Thousands of brand new cars were scrapped after the diesel emissions scandal in 2008, which revealed that manufacturers had been violating the Clean Air Act – one of the biggest global scandals in the history of the car. This mass trashing has accelerated the transition from the internal combustion engine (ICE) to electric battery power, creating opportunities for carmakers to capitalise on the shift away from fossil fuels with fresh concepts for the future of transport. As an object, the car is shaped by an ecosystem of economics, geopolitics, technology, policy, demographics, changing consu…
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Fractional Object

Johanna Seelemann

Thousands of brand new cars were scrapped after the diesel emissions scandal in 2008, which revealed that manufacturers had been violating the Clean Air Act – one of the biggest global scandals in the history of the car. This mass trashing has accelerated the transition from the internal combustion engine (ICE) to electric battery power, creating opportunities for carmakers to capitalise on the shift away from fossil fuels with fresh concepts for the future of transport.

As an object, the car is shaped by an ecosystem of economics, geopolitics, technology, policy, demographics, changing consumer preferences and culture. In recent years, with environmental issues high on the agenda, the car has begun a slow fall from grace, losing some of its power as a status symbol. But since the 1920s, the automotive industry has used idealised futures to sell products. Experts predict that the concept of the electric, autonomous vehicle will be so successful that by 2040 it will have dramatically changed how both people and goods are transported.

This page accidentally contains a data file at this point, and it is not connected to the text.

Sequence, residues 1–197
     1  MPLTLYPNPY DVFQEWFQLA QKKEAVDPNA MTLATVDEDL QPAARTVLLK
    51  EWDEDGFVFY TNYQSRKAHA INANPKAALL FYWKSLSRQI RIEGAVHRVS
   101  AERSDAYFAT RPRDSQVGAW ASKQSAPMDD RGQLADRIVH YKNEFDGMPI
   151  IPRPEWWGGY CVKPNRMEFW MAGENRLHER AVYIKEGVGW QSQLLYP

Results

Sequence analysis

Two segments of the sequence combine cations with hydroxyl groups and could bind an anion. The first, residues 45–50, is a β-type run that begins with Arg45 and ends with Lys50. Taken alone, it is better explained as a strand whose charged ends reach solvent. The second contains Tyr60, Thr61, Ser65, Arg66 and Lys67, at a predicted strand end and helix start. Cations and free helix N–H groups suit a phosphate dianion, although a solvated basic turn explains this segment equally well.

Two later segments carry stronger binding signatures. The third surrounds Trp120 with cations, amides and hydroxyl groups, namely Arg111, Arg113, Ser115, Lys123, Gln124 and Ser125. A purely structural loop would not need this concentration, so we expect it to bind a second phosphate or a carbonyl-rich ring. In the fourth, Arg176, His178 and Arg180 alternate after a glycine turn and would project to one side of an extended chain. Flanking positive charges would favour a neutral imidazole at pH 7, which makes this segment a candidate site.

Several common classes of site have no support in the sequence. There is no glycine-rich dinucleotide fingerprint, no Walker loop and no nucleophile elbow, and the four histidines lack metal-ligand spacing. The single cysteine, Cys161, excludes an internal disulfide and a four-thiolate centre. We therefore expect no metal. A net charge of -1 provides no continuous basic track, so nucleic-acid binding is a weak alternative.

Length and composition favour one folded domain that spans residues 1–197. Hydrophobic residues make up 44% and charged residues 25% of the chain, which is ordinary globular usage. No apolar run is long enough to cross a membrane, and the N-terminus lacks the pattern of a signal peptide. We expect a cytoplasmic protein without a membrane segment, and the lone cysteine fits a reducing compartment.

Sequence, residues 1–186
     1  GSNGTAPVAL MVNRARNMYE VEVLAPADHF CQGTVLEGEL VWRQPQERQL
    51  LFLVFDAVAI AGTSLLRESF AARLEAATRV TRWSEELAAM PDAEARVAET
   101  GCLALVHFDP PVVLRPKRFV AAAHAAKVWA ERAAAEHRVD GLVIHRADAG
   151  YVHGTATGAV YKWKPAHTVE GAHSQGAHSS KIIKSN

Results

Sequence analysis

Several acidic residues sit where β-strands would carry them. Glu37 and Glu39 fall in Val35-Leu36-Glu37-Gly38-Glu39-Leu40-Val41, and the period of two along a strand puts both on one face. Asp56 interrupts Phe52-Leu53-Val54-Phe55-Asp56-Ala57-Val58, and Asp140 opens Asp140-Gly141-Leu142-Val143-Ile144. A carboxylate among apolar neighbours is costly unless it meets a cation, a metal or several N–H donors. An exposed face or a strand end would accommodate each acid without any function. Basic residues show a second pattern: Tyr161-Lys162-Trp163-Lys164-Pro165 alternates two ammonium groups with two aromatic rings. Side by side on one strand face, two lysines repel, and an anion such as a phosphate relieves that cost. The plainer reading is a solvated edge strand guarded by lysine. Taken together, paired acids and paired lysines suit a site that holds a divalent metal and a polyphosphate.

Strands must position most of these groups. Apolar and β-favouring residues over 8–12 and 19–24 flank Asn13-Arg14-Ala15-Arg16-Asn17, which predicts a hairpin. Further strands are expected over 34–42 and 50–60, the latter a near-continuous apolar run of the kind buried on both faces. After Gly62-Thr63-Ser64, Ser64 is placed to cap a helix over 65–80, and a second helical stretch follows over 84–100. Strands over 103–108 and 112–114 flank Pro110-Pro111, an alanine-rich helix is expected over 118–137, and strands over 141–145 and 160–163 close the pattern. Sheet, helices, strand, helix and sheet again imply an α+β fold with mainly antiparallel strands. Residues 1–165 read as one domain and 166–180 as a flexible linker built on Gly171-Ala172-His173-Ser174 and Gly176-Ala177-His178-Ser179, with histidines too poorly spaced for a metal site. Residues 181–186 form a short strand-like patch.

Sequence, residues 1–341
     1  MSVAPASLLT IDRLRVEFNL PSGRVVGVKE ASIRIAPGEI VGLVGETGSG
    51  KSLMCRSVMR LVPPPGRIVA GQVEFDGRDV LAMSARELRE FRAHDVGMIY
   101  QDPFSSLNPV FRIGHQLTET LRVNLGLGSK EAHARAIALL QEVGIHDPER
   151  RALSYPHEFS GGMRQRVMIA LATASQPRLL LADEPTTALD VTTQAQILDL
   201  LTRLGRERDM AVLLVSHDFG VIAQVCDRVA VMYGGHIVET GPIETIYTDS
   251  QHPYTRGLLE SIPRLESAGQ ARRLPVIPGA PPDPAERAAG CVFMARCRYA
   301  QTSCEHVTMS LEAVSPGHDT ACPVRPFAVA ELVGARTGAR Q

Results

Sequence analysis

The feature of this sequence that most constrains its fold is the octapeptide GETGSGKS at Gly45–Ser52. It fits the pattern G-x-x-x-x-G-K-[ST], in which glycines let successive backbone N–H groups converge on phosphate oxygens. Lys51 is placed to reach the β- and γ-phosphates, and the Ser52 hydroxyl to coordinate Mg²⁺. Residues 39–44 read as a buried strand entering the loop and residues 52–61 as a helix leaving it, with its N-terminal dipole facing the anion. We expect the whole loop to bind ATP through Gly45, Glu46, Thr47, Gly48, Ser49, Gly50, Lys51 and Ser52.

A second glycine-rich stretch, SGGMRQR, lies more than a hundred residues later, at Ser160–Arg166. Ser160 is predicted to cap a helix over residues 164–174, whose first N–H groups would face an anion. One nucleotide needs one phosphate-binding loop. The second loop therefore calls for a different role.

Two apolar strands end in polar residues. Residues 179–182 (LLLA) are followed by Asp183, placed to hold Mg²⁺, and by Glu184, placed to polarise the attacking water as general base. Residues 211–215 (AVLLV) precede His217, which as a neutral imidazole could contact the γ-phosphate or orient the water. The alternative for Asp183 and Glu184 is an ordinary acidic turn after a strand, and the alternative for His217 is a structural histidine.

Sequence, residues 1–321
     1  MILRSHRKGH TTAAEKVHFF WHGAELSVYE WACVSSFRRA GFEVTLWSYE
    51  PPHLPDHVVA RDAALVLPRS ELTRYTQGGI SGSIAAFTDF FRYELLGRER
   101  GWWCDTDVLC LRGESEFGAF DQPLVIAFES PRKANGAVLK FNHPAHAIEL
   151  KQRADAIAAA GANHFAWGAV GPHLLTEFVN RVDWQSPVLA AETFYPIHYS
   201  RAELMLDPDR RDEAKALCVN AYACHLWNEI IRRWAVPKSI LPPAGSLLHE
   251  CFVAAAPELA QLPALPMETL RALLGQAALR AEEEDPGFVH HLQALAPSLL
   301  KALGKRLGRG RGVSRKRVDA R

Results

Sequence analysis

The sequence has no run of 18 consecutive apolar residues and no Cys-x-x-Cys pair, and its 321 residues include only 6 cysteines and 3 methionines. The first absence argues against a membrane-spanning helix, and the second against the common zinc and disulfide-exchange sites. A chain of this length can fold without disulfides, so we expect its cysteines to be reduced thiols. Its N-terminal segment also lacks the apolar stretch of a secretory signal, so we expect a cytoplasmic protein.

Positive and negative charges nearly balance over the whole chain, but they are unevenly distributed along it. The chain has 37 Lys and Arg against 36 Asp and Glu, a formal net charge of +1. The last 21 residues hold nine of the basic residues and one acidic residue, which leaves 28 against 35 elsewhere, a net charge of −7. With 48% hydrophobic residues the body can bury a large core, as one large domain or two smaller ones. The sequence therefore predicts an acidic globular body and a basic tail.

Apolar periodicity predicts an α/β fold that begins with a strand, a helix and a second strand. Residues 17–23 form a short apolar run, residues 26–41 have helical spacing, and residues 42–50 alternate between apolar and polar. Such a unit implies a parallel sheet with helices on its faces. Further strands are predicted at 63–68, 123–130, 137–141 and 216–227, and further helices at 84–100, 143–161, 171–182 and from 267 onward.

Carmakers have also refined the art of product obsolescence, both in function and in desirability. With every new concept, an old model becomes obsolete, adding to a growing mountain of trash. An eight-cylinder engine contains more than 1,200 moving parts that need to be mounted, while an electric motor only has 17. One shared car could replace up to eight old ones. The collapse of manufacturing supply chains would also see millions of jobs made redundant, while international oil consumption could halve, turning gas stations and oil rigs into yet more junk. Johanna Seelemann explores the car’s relationship with the consumer market, presenting potential techno-fossils that might be produced by the move to renewable energy and autonomous vehicles alongside contemporary automotive junk.

Credits

Car Junk Support: René Hartmann, Seik Automobil Recycling GmbH

References

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Bio

Johanna Seelemann is a conceptual designer and chain-collaborator, exploring issues such as the role of design in high-volume producing industries, the mystification of everyday-consumed products, as well as commodity journeys along their supply chains. She is driven by a keen interest in exploring the hidden contexts of the products that enable today’s everyday life. She sees her role as the link between material extraction, industrial production contexts, object and user.

Contacts

johannaseelemann.com Link

@johannaseelemann Link